Nature Notes from Argyll
(and occasionally other places)
Fri 2 Jan 2009 Ardsheal
Several early Primroses in flower today. Other than that,
very wintry. Bracket fungi are present all year round, this one is
Heterobasidion annosum, on dead wood of some unrecognisable fallen tree.
On more unrecognisable tree remains, probably Sycamore, we found these Dead Moll's Fingers (Xylaria longipes). They are like the well-known Dead Men's Fingers but more delicate, and less often seen.
A line of Larch trees had this powdery greenish lichen, Lecanora expallens, on their south-eastern side. On the south-west side they had Hypogymnia physodes, Platismatia glauca, and the moss Hypnum andoi. On the NE side, facing the sea, they had nothing. This was remarkably consistent from tree to tree down the line.
Mon 5 Jan 2009 Ganavan. Cold, sunny.
Eurhynchium striatum with capsules, on the oakwood floor.
Graphis scripta, the archetypal script lichen, on Hazel.
Two from Gorse: the fungus Peniophora incarnata, and the eyelash lichen Parmotrema perlatum. I find it hard to get the eyelashes to show in photos but you can see some of them in this one; the sorediate lobe tips are also visible. Other species common on the gorse wood were Parmotrema crinitum, Parmelia saxatilis, Flavoparmelia caperatum, the moss Hypnum andoi and occasional Yellow Brain Fungus.
Went up to the Cemetery Loch, three-quarters of it was frozen, the rest had 8 Tufted Ducks, 2 Mute Swans, 3 Mallard, 1 Little Grebe, 4 Moorhens and a Heron. For a while two of the moorhens walked about on the ice picking at whatever they could find on its surface. The loch is probably frozen over completely by now.
Also watched a group of 7 Meadow Pipits pecking at the frozen turf among some sheep. They were clearly benefitting from the animals in some way, as they moved about with them.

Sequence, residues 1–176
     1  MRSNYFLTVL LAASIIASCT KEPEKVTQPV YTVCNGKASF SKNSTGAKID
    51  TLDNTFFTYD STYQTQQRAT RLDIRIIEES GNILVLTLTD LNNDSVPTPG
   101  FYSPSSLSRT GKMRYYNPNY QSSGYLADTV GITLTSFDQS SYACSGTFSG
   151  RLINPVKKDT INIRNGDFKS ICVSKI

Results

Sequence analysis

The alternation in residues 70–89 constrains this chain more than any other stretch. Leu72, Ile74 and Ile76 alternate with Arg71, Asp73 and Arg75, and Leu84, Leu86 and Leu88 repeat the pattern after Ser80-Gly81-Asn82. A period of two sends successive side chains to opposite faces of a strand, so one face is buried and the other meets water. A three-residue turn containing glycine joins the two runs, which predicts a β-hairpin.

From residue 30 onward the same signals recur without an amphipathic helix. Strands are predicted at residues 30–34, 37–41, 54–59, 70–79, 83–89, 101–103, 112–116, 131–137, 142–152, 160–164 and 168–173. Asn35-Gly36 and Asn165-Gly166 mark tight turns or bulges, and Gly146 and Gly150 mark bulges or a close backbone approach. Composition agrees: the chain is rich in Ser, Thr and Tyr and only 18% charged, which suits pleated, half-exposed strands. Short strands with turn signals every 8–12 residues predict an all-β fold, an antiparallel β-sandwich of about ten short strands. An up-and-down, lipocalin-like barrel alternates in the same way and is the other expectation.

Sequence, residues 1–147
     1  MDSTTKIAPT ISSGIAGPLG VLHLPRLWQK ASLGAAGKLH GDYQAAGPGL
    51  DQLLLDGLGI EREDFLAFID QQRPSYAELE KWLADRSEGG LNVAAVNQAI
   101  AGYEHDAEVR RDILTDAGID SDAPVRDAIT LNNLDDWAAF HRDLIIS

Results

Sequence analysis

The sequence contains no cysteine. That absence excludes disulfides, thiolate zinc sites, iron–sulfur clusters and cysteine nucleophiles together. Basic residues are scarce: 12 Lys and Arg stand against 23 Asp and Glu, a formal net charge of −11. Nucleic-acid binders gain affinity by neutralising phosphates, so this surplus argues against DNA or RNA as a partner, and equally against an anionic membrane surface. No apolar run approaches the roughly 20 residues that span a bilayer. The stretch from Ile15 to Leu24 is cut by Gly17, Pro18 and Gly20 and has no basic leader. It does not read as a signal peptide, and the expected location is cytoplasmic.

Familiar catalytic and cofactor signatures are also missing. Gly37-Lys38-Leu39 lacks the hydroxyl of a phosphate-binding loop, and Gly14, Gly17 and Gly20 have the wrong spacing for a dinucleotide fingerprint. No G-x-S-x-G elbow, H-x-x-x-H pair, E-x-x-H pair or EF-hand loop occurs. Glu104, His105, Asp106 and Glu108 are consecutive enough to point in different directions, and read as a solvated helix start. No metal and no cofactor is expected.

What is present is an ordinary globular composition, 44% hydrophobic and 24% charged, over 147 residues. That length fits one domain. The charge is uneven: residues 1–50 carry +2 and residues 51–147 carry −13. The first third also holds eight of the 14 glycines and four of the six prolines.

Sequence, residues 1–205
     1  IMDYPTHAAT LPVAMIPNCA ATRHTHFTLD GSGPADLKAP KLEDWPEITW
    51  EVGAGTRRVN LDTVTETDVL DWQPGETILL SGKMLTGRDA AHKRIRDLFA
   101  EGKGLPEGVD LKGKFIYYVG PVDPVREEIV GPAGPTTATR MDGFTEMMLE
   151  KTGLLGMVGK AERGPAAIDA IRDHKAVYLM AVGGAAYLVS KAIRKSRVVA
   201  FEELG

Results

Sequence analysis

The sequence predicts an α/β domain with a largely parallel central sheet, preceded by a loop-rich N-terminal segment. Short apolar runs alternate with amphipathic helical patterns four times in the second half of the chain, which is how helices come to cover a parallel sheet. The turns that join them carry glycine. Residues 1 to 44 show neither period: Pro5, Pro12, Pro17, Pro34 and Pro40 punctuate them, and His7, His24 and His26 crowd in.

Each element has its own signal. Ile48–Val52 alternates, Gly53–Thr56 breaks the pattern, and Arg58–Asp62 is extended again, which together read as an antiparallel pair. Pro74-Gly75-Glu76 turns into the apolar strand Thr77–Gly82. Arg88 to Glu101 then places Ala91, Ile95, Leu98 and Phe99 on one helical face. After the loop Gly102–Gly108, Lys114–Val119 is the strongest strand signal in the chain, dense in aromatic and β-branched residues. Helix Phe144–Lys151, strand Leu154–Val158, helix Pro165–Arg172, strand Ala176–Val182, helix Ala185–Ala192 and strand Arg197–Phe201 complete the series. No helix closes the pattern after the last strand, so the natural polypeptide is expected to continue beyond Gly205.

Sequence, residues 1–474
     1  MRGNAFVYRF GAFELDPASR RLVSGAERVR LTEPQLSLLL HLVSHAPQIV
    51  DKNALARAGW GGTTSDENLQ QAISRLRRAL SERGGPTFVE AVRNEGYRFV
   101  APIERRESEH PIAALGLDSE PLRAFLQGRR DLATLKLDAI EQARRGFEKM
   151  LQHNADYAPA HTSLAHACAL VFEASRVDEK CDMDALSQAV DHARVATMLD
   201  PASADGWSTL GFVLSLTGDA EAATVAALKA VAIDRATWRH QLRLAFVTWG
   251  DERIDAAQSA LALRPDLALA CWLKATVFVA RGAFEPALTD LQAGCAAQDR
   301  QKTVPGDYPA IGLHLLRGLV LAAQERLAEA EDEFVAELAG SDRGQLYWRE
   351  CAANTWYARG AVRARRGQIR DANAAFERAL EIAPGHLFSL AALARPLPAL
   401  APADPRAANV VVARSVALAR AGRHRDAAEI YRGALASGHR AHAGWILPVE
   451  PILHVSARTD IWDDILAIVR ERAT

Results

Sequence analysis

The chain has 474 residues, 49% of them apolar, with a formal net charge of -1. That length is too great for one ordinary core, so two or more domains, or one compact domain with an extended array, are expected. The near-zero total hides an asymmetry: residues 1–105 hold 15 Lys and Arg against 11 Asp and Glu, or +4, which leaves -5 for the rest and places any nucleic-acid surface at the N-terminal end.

Thu 8 Jan 2009 Glen Feochan
Hunting alongside a burn overhung with ash and hazel. Very rich in lichens and fungi, many of which I haven't yet identified so are not included here at present.
Peltigera collina is not often found with fruits, and when it is
they are very dark as shown here. The white fungus on a dead Ash branch
overhanging the burn is Byssomerulius corium, the Netted Crust.
Two mosses from the damp shady ground beside a wooded burn,
Plagiomnium undulatum and Thamnobryum alopecurum.
A new fungus for me and a rather attractive one, Plicatura crispa, on Hazel. The next 3 pics show more detail.
Sat 17 Jan 2009 Isle of Luing
A Seil Natural History Group walk, just a few quick pics.
An unseasonal group of Scarlet Waxcaps by the roadside, and the
cup lichen Cladonia fimbriata on a fallen rowan.
The Robin's Pincushion gall on a rose stem. Bright red in
summer, it fades to brown in winter. The inhabitants are still inside;
they emerge in spring.
All photos and other content copyright © Carl Farmer